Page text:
Volcanoes might have formed on Mars the same way they did in Hawaii

By studying Martian meteorites, scientists think they've found an explanation for ancient eruptions on the Red Planet.

Most images we see of Mars make its landscape look flat and vast, but it’s actually home to some of the largest mountains in the entire solar system. And while the planet is pretty inactive, it was once very active. Mars has winds and dunes that form distinct features on its surface similar to what we see here on Earth, and a new study suggests that Mars might have a lot more in common with Earth than we thought.

Meteorites fall through our skies constantly, landing all over the world. Occasionally little pieces of Mars survive the entry through our atmosphere and are discovered—mostly in the Saharan desert and Antarctica—where researchers collect them for future study. A new paper released today in Nature Communications says that these Martian meteorites could be formed from the same volcanic processes that create volcanoes in Hawaii.

The islands’ fiery mountains are created by what is called a “hot spot,” or when material from the earth’s mantle comes up toward the surface and creates melting. A good example of this is the very active Kilauea volcano. But when these “hot spot” volcanoes get heavier and heavier from the constant creation and hardening of material, they can actually create an entirely different sort of volcano. They become so heavy with rock that they physically bend and warp the massive oceanic plate below Hawaii. As that bending takes place, much like a see-saw, the area surrounding the larger, heavier volcanoes gets flexed and uplifted—creating new, potentially eruptive peaks.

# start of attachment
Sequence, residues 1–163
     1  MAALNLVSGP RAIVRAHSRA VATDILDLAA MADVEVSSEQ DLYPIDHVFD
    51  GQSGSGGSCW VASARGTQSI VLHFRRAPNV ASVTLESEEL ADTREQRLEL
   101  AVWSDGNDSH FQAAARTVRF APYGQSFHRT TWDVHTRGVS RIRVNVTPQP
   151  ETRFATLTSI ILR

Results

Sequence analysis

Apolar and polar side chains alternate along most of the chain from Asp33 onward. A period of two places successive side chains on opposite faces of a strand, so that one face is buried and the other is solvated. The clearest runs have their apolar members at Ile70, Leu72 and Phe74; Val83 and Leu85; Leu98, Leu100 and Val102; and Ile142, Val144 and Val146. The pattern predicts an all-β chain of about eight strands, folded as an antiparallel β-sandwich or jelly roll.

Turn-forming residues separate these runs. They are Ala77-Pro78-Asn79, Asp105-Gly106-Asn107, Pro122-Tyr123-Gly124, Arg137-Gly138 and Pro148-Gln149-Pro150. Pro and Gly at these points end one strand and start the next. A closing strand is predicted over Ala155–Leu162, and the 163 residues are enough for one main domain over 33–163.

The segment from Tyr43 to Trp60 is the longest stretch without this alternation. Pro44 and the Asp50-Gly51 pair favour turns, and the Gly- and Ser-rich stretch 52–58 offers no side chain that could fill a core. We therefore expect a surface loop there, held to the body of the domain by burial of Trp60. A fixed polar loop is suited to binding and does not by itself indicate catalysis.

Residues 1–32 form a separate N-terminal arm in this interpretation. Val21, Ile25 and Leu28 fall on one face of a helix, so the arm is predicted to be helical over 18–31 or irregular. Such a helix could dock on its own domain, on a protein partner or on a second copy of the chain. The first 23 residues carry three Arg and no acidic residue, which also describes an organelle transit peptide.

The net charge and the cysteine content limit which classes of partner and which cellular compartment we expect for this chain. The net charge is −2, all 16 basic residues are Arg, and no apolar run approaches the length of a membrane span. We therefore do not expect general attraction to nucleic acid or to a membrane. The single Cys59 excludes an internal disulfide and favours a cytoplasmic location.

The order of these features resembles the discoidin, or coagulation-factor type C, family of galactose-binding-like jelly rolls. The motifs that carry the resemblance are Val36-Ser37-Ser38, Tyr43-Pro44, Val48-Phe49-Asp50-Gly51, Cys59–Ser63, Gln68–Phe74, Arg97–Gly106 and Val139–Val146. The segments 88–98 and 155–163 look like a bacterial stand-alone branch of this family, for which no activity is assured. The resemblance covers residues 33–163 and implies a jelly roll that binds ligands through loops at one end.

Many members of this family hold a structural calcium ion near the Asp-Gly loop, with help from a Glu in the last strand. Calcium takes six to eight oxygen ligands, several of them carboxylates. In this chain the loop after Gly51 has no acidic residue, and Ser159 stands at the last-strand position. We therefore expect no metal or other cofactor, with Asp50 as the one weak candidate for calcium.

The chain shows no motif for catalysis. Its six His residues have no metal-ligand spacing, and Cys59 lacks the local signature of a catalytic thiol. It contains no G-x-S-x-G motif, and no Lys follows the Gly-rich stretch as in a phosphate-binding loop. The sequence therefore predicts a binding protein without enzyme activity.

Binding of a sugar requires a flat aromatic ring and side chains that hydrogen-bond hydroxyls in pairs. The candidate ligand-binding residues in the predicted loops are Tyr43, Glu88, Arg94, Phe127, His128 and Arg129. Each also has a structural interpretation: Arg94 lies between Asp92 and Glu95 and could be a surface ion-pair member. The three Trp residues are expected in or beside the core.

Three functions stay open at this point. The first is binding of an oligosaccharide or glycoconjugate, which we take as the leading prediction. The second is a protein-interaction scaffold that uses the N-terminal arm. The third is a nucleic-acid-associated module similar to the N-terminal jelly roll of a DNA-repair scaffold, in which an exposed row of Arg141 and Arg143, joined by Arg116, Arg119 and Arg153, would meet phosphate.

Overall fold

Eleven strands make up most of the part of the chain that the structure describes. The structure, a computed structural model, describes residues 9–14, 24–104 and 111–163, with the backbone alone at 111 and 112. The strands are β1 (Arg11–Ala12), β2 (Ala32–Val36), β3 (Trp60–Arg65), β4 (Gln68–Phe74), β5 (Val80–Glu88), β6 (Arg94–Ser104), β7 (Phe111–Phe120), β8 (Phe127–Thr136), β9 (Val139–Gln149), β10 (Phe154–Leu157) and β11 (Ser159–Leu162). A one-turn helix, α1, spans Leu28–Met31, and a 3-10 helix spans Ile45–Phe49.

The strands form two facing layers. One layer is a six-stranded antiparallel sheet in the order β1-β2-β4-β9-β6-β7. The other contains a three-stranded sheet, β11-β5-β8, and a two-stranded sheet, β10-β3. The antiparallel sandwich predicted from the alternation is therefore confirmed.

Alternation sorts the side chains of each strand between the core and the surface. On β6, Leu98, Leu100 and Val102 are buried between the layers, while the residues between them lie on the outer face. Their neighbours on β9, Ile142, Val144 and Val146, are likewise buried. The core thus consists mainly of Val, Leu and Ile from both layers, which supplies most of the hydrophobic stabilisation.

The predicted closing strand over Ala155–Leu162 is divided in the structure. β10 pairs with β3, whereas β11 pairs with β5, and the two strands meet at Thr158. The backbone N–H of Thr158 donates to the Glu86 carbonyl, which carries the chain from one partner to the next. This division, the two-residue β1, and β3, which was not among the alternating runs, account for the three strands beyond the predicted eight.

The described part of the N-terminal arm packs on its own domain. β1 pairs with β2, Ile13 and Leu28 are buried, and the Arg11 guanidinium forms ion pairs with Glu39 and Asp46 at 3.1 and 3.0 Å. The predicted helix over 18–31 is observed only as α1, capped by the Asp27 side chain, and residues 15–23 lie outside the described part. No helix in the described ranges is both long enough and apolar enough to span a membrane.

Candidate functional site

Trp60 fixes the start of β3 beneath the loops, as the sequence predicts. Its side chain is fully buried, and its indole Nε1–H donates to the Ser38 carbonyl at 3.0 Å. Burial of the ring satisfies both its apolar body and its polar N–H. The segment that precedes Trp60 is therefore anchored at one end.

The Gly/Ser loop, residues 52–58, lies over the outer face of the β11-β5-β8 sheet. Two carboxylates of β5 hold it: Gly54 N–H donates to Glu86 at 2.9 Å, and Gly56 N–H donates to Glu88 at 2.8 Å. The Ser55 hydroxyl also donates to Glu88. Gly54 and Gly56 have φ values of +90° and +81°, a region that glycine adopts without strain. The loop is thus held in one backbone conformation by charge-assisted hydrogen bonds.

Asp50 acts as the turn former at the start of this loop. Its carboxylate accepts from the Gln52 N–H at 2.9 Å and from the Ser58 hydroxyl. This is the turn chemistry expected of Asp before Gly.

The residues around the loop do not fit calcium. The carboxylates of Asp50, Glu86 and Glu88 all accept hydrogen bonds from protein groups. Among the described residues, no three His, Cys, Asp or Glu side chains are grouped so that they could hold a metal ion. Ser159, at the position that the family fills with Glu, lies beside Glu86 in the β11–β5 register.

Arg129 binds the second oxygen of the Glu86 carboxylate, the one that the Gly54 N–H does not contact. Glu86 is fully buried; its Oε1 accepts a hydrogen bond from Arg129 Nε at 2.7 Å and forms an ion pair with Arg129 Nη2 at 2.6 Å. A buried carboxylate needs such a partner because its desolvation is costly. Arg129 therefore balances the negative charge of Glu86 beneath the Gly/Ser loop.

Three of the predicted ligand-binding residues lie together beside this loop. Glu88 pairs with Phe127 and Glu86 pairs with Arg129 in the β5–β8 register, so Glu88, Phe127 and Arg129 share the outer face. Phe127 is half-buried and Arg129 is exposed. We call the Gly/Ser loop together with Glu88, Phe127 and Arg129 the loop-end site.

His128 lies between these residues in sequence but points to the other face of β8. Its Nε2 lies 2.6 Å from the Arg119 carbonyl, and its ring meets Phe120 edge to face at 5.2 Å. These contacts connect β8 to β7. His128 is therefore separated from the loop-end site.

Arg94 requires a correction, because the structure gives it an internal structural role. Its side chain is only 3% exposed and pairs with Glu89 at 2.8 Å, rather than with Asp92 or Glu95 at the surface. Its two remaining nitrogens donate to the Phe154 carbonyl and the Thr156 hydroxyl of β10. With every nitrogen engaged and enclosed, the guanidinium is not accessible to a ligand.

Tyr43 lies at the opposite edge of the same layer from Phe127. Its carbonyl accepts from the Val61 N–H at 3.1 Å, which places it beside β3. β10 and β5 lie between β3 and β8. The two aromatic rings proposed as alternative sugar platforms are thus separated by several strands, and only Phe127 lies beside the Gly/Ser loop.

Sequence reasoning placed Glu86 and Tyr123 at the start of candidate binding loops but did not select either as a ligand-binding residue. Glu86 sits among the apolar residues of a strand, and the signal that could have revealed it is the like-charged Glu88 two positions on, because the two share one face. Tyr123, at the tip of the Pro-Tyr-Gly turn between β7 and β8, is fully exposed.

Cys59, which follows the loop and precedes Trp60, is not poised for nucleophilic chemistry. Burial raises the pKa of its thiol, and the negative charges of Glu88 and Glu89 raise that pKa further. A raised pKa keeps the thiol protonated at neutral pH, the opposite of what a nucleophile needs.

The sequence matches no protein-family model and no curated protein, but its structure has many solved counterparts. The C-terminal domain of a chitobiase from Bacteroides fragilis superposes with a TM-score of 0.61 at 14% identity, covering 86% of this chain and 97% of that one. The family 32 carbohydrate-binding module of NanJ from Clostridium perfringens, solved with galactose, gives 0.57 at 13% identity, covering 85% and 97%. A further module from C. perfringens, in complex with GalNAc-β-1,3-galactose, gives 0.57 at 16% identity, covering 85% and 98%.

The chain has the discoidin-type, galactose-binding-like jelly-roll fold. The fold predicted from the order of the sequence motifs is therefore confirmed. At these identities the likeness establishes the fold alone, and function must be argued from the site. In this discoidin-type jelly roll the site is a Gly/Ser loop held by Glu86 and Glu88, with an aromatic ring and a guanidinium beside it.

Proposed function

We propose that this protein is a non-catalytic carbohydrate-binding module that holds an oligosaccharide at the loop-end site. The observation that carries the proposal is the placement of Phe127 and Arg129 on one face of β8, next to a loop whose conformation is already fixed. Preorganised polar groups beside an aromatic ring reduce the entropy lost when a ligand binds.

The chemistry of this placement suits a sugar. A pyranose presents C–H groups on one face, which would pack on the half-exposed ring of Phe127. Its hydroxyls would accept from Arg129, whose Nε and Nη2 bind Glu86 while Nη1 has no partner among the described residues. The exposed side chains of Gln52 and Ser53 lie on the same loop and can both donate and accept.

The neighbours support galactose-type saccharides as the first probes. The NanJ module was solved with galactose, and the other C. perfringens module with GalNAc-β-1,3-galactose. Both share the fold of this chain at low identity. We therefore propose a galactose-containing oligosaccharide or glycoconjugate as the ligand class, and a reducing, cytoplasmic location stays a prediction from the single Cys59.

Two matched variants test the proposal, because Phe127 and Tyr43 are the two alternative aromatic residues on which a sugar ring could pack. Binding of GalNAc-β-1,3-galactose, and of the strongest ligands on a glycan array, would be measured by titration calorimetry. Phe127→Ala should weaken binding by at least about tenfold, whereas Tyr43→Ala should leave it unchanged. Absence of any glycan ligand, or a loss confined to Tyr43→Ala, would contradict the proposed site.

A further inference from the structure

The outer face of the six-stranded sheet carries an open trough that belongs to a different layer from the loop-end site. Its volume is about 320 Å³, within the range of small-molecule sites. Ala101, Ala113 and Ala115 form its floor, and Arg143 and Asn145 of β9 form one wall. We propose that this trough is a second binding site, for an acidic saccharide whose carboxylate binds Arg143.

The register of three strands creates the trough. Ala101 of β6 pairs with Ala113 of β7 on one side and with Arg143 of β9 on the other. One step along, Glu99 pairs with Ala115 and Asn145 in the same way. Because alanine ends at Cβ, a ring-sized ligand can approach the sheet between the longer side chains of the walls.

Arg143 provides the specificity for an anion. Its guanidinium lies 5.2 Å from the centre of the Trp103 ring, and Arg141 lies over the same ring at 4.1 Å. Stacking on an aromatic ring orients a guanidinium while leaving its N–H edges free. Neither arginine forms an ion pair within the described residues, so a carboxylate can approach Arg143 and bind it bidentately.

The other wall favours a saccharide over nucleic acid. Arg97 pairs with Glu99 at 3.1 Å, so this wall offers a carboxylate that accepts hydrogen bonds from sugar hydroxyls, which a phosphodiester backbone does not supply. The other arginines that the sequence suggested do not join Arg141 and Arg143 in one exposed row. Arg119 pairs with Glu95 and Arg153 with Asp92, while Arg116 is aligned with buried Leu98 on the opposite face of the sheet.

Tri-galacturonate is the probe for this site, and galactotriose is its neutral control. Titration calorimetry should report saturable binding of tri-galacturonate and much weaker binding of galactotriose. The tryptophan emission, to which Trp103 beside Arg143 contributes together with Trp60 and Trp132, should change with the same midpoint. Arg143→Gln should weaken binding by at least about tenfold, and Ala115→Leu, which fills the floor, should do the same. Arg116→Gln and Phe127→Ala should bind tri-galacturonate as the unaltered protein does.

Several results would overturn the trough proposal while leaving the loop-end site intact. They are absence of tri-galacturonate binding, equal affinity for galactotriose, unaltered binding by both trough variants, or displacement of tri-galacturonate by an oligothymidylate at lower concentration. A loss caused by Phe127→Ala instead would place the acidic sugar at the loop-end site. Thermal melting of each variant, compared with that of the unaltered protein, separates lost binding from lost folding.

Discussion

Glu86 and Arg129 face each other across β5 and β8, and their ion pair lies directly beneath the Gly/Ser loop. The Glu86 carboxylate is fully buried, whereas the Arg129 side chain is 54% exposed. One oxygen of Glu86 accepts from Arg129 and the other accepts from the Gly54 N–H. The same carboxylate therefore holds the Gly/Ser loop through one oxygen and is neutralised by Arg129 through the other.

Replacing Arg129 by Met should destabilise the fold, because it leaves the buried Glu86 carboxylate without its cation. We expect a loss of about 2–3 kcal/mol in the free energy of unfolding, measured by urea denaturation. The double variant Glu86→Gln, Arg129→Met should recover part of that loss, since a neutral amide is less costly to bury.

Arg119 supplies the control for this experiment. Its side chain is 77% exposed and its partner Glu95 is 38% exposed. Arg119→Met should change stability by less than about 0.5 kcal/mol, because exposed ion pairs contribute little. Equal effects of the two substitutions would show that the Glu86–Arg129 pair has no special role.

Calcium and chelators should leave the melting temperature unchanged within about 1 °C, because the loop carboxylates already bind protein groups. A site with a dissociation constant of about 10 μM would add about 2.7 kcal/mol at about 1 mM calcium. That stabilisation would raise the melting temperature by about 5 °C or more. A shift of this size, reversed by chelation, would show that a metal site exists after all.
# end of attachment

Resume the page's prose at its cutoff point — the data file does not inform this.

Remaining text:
“If you go to Oahu or some of the older islands you find this volcanism that occurred a long time after the original volcanism. A good example of that is Diamond head crater,” says geologist James Day, study lead at the Scripps Institution of Oceanography at the University of California San Diego.

The Diamond Head crater on Oahu formed as a result of tectonic stress from older, more massive volcanoes. “This matches exactly what we see in the martian meteorites,” says Day.

Enter Mars: Scientists know of two types of Martian meteorites called shergottites and nakhlites, and while they sound like they are on the same superhero team, they are very different in age and chemical composition. And despite having collected over 200 Martian meteorites, scientists still have no idea where they come from on Mars. While they do know they are volcanic in origin, if you’ve ever seen a geological map of Mars, you know the planet is littered with volcanoes.